Hertz Dumps Its CEO, Placates Icahn, But the Aging Cars Remain
I tipped you several weeks ago that Carl Icahn's arrival as a Hertz investor would be part of the fall travel agenda. I guess I was wrong. The story has already popped big time. Hertz's much-disliked chief executive, Mark P. Frissora, didn't even stick around for the fight. He quit on Monday (September 8) and no one mourned his departure. Hertz and Icahn announced today (September 11) that they've reached a truce and Icahn will receive three seats on the car-rental giant's board. So all that's left is Hertz's increasingly aging fleet, which the company tries to rent at inflated daily rates. According to Bloomberg, as many as 200,000 of the 515,000 vehicles in the Hertz fleet have at least 35,000 miles on the odometer. ... Two new airport hotels of note: Carlson has opened the 391-room Radisson Blu at Moscow/Sheremetyevo. It'll soon be directly connected to the passenger terminals. And InterContinental has opened a 119-room Holiday Inn at Hermosillo, Mexico. ... Boingo has taken over WiFi service at Phoenix/Sky Harbor. Basic speed is free throughout the airport.

The Value of the Dollar Is Firming Up Around the World
Due to a panoply of unrelated reasons, the dollar is gaining strength against major world currencies. The euro has dropped below $1.30, the British pound is down to $1.62 and the dollar has reached 107 Japanese yen. The Russian ruble is collapsing at 37.5 to the dollar. The Australian and Canadian dollars are now worth about 91 U.S. cents. ... How much does it cost to use Gogo, the leading in-flight WiFi provider? You'll have to guess since the struggling company is testing dynamic pricing. An all-day pass can range from $17 to $31 depending on the airline and the time you try to log in. Lots of luck trying to figure out its per-hour rate. ... Separately, Gogo and T-Mobile have struck a deal that'll benefit business travelers who use the nation's fourth-largest mobile company. Effective September 17, T-Mobile customers can text in flight free over the Gogo network. Complete details are here. Not all smartphones are compatible, however, and some will need a software upgrade.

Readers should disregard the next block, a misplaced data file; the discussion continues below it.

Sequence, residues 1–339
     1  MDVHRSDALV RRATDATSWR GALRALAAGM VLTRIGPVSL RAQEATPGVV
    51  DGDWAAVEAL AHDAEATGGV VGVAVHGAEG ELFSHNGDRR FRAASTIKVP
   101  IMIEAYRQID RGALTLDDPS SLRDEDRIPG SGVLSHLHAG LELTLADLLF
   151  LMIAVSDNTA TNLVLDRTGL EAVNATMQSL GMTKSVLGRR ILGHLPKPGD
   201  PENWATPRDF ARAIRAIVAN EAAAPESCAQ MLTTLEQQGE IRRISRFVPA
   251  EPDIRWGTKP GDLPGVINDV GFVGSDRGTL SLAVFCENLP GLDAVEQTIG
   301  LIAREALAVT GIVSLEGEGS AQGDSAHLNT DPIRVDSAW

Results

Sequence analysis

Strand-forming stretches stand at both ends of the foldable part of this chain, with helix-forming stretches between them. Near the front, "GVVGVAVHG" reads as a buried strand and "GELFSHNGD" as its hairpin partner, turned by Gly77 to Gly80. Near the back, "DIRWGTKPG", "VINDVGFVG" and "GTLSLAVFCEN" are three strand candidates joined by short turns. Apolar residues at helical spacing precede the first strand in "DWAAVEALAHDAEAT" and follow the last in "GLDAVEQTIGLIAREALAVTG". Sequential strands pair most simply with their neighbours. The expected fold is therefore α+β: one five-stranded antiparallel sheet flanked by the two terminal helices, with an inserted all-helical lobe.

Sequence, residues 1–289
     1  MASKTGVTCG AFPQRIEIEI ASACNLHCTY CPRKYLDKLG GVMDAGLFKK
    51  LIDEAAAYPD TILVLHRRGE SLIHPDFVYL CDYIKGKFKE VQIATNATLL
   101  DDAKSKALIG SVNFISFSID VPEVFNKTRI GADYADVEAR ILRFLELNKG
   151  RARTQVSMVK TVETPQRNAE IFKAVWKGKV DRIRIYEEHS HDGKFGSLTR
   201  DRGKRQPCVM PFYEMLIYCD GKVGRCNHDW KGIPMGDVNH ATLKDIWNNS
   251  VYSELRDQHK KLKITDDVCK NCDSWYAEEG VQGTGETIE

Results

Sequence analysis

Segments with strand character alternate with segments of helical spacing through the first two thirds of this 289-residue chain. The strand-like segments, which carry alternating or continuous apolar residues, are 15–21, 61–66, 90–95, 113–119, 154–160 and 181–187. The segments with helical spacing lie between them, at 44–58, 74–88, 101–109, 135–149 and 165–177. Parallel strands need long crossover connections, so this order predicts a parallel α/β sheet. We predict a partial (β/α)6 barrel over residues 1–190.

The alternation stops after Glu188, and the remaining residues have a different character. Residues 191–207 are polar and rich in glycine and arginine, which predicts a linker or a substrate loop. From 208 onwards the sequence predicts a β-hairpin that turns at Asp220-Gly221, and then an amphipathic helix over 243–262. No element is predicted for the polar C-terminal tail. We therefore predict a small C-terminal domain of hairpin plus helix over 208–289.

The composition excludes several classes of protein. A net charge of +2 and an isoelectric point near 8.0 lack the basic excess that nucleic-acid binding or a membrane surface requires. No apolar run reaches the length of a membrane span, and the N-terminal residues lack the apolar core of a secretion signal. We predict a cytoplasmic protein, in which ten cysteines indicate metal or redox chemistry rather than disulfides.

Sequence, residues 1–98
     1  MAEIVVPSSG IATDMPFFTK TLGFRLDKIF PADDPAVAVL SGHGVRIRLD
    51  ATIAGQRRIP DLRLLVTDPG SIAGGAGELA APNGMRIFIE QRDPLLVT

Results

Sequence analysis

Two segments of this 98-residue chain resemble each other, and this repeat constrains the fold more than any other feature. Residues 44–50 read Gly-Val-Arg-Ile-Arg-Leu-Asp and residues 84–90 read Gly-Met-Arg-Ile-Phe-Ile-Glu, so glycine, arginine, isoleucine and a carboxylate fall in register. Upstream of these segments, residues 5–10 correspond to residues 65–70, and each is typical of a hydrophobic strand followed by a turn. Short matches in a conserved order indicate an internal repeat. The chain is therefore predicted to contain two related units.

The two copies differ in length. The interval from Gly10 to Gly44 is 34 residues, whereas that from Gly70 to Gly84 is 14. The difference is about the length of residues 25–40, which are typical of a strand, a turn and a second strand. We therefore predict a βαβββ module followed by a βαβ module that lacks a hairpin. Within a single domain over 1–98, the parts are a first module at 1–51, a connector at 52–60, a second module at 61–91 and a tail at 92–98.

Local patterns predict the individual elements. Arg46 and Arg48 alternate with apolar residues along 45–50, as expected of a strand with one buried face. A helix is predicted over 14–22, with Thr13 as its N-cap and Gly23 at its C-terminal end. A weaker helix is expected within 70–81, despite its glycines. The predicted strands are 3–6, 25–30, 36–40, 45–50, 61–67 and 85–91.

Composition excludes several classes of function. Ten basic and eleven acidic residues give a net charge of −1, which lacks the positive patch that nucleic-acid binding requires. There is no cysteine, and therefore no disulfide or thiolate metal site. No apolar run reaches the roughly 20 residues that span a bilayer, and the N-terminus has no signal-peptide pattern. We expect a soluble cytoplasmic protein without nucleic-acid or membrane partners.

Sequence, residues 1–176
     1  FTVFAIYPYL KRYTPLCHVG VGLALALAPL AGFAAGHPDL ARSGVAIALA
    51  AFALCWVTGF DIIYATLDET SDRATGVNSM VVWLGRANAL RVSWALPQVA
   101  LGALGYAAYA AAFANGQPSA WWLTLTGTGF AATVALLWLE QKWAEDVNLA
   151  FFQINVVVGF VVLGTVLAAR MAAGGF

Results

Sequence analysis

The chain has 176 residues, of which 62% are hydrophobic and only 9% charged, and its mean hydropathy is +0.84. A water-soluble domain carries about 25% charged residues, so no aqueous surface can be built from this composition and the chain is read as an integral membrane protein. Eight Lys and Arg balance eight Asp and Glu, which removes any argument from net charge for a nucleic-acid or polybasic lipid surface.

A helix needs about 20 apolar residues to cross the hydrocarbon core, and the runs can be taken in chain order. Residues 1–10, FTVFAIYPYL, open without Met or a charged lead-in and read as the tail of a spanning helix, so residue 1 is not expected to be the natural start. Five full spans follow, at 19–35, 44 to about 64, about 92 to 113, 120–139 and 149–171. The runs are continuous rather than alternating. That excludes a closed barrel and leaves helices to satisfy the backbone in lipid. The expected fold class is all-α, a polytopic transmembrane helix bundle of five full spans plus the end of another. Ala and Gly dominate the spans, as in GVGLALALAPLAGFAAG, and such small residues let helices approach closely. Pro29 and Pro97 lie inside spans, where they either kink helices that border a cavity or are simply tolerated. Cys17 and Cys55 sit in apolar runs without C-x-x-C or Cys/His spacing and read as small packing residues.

Business-Travel News You Need to Know
Travelers to, from or through France take note: Another pilot strike is scheduled against Air France next week. The planned dates: September 15 to September 22. Both Air France and Delta Air Lines, which code-shares on many Air France flights, have posted travel waivers. The Air France information is here and the Delta information is here. We'll do breaking coverage as the strike unfolds, so watch your Email in the days ahead. ... If you happen to be at the Chicago Marriott O'Hare, check the supposedly "healthy" vending machine created by Farmer's Fridge. It sells salads, yogurt and chicken. ... Know the annoying automated minibars that charge you the moment you touch or jostle an item? Turns out they register inaccurate charges as much as 90 percent of the time. Here's an interesting piece on the idiotic devices.

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ABOUT JOE BRANCATELLI Joe Brancatelli is a publication consultant, which means that he helps media companies start, fix and reposition newspapers, magazines and Web sites. He's also the former executive editor of Frequent Flyer and has been a consultant to or columnist for more business-travel and leisure-travel publishing operations than he can remember. He started his career as a business journalist and created JoeSentMe in the dark days after 9/11 while he was stranded in a hotel room in San Francisco. He lives on the Hudson River in the tourist town of Cold Spring.

THE FINE PRINT All of the opinions and material in this column are the sole property and responsibility of Joe Brancatelli. This material may not be reproduced in any form without his express written permission.

This column is Copyright 2014 by Joe Brancatelli. JoeSentMe.com is Copyright 2014 by Joe Brancatelli. All rights reserved.